Workplace safety: refusing hazardous work

Many Californians work in jobs that are inherently dangerous. Firefighters, police officers, and even construction and factory workers can be faced with hazardous conditions on a nearly daily basis. For many of these workers, the threat of a work accident is just part of the job. But, they should know that they have legal rights with regard to the protection of their own safety, and employers can do very little, if anything, to those who act on these rights.

More specifically, in some circumstances, workers who are asked to perform hazardous work can refuse to do so without any negative consequences. In order for this to apply, two criteria must be met. First, performing the work must violate one or more health or safety regulations. Second, the work must put the worker in a position where they are confronted by a real and apparent hazard. So, what should those who meet this criteria do?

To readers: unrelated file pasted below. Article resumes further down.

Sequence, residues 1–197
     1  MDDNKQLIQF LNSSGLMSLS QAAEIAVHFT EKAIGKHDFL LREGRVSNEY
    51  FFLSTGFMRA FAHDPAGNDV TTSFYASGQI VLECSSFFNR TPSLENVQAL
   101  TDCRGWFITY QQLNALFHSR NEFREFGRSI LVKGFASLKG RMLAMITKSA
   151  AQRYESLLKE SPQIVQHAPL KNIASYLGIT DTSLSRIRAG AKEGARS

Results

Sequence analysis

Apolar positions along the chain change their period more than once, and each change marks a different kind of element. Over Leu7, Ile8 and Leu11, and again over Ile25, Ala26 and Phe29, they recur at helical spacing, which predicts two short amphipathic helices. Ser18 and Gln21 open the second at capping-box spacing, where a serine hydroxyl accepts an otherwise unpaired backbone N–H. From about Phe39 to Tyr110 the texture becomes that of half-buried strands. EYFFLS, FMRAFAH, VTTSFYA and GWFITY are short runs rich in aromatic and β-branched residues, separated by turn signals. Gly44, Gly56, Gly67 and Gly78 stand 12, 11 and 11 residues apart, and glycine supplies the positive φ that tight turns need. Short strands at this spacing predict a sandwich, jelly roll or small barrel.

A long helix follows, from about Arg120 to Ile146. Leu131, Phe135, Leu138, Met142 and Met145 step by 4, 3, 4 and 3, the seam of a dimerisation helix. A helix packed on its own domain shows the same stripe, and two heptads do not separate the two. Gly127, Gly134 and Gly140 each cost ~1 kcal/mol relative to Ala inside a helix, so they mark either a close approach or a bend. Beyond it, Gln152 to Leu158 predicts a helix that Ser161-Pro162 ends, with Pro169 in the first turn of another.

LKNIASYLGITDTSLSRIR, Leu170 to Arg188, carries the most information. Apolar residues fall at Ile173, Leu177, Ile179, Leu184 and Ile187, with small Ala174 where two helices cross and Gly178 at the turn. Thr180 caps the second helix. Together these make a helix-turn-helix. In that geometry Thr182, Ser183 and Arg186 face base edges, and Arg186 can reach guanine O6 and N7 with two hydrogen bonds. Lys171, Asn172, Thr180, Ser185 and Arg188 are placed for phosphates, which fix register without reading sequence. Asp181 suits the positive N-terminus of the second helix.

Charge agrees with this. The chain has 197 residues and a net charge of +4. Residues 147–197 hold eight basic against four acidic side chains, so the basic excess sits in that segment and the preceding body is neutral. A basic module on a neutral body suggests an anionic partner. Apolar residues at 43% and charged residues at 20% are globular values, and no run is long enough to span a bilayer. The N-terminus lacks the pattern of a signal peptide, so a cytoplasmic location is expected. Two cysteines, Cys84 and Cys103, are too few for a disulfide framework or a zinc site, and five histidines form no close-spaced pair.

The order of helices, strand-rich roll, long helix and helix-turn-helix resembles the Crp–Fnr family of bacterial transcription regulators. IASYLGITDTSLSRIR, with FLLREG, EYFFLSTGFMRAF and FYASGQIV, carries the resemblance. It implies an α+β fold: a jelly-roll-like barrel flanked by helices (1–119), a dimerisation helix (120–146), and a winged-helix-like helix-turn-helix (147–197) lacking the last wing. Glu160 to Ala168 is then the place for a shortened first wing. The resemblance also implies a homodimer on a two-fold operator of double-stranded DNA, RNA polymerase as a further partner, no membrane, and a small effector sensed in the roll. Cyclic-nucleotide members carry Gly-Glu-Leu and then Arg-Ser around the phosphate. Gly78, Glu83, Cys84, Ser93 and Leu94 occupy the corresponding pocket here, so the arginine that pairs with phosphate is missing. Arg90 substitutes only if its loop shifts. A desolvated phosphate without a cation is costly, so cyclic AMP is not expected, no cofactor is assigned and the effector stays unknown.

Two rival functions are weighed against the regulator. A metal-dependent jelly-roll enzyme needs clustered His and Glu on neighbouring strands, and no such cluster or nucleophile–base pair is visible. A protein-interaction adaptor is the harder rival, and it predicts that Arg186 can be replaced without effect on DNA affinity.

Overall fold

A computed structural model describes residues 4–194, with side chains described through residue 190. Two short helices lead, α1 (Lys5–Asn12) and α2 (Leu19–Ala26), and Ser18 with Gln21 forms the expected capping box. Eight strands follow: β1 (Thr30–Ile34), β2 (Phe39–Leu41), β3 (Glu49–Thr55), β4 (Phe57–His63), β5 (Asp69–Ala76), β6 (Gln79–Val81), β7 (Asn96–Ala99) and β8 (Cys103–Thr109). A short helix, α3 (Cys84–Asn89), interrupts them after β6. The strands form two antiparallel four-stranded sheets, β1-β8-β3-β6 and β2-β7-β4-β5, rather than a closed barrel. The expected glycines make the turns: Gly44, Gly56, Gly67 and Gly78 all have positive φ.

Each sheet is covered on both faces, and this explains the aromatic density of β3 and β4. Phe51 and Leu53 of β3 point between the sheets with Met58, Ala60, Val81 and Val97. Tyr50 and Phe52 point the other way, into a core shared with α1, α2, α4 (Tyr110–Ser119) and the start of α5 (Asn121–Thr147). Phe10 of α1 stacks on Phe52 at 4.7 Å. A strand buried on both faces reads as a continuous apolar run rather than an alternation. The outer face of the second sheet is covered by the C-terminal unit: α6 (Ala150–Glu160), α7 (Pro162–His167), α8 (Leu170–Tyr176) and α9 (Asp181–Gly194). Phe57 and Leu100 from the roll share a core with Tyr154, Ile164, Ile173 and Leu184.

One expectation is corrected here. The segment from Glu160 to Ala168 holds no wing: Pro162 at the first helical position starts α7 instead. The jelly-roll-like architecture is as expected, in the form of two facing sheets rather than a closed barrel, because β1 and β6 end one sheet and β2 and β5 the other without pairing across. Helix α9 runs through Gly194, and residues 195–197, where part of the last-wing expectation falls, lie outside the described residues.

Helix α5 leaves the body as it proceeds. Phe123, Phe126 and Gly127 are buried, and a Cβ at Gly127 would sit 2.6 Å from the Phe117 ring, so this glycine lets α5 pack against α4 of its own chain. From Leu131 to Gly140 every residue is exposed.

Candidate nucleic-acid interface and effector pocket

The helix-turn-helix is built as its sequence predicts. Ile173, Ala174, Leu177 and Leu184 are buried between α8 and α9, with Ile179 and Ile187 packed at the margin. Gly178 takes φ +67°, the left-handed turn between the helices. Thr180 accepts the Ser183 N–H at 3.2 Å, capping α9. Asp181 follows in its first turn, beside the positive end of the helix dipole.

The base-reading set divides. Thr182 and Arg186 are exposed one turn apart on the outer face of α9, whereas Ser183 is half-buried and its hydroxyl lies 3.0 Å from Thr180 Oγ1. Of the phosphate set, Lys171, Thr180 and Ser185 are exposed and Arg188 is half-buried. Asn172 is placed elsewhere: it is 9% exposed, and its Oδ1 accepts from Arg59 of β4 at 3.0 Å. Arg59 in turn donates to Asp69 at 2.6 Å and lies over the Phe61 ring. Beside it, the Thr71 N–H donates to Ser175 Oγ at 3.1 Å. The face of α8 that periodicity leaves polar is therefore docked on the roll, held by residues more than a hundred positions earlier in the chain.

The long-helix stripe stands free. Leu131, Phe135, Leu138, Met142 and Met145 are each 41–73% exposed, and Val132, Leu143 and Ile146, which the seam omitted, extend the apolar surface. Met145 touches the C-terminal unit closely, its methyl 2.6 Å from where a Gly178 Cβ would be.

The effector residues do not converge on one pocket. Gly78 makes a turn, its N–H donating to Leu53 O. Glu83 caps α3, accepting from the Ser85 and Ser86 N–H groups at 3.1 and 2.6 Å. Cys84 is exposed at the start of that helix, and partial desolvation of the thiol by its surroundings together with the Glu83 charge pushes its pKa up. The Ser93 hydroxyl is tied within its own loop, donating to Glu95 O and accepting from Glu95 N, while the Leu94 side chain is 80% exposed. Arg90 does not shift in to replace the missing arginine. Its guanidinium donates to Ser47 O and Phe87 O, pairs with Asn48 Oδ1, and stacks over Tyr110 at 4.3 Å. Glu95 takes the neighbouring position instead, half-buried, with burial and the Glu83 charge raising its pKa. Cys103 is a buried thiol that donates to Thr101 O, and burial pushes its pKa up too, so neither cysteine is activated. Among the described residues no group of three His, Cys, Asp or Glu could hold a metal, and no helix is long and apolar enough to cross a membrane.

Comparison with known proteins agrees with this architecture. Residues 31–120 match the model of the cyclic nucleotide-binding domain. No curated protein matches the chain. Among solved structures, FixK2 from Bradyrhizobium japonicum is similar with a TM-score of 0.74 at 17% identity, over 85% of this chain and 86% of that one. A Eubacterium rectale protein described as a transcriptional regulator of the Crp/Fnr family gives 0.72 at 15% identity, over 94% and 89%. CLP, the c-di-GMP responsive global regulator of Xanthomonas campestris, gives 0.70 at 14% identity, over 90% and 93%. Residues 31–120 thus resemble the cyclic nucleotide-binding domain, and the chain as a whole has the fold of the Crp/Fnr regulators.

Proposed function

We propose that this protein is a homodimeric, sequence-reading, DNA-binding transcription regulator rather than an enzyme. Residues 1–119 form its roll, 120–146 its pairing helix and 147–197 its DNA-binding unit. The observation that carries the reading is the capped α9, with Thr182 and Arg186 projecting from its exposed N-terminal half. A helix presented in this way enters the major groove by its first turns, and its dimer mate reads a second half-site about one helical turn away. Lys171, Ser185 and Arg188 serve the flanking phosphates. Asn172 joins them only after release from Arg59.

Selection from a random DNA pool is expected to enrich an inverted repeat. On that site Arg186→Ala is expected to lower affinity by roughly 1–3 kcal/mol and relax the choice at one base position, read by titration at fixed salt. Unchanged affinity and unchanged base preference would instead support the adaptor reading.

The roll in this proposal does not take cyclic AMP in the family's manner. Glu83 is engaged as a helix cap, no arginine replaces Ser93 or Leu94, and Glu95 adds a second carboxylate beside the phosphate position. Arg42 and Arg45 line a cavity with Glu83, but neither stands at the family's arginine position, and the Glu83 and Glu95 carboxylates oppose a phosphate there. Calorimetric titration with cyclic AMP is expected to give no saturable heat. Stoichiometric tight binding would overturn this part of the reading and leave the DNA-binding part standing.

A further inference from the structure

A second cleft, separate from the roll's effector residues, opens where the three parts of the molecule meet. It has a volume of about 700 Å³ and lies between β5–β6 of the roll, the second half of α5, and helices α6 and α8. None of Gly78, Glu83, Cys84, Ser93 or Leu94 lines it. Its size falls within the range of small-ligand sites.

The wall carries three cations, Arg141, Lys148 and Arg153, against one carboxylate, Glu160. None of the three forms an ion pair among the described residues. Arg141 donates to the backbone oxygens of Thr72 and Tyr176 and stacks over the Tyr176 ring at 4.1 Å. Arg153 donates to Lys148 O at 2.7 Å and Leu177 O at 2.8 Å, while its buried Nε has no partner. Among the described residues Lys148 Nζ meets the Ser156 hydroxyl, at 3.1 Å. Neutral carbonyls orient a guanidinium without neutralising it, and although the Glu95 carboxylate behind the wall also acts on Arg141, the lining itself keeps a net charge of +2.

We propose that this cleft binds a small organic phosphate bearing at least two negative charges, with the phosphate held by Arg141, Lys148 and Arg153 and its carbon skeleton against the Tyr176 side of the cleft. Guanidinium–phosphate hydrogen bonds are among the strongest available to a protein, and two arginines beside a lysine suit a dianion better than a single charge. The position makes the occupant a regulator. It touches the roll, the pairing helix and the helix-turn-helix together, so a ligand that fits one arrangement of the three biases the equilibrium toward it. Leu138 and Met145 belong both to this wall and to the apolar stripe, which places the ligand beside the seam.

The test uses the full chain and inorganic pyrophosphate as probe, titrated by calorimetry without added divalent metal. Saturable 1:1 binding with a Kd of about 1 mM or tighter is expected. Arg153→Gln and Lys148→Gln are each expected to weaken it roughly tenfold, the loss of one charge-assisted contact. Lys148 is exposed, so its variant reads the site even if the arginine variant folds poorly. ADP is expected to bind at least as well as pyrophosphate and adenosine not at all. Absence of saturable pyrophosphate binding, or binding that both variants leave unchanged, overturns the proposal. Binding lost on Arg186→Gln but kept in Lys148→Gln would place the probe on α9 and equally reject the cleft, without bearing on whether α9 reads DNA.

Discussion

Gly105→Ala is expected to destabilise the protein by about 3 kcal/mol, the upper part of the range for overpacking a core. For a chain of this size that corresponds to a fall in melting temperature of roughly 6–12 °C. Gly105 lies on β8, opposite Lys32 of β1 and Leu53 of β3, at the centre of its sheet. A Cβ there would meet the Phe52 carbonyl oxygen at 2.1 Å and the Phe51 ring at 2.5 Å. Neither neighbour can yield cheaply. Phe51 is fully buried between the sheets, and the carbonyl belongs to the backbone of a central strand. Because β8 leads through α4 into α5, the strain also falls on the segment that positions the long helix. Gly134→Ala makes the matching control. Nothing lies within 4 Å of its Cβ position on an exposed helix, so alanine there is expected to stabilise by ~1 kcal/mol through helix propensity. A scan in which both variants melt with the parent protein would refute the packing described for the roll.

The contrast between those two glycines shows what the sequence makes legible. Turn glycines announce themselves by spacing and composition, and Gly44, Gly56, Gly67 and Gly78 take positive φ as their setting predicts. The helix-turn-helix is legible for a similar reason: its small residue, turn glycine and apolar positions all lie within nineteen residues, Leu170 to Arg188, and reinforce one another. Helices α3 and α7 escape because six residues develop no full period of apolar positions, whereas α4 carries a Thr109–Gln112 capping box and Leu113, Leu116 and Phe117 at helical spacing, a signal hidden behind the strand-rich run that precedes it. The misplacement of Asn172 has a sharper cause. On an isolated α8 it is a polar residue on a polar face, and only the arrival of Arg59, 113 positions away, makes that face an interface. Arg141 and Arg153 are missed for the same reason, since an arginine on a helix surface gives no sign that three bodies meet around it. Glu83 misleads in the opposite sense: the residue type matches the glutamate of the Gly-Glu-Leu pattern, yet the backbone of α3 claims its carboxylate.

First, they should talk to their supervisor and explain that they don't want to do the work. The supervisor should either correct the hazardous condition or reassign the worker to safer duties. Since one of the requirements that must be met before work can be refused is that it violates health or safety regulations, the supervisor should be informed that the worker believes violations are occurring. If nothing is done to remedy the problem, then a complaint can be lodged with Cal/OSHA.

Sadly, many workers are injured on the job when workplace safety isn't taken seriously. When this happens, a worker can be left with unexpected medical expenses and lost wages that throw their finances into disarray. Those who find themselves in this difficult position should be sure to consider their full range of legal options, which may include seeking workers' compensation benefits and, perhaps, pursuing a personal injury lawsuit.

Source:, "Health & Safety Rights: Facts for California Workers," accessed on May 8, 2017

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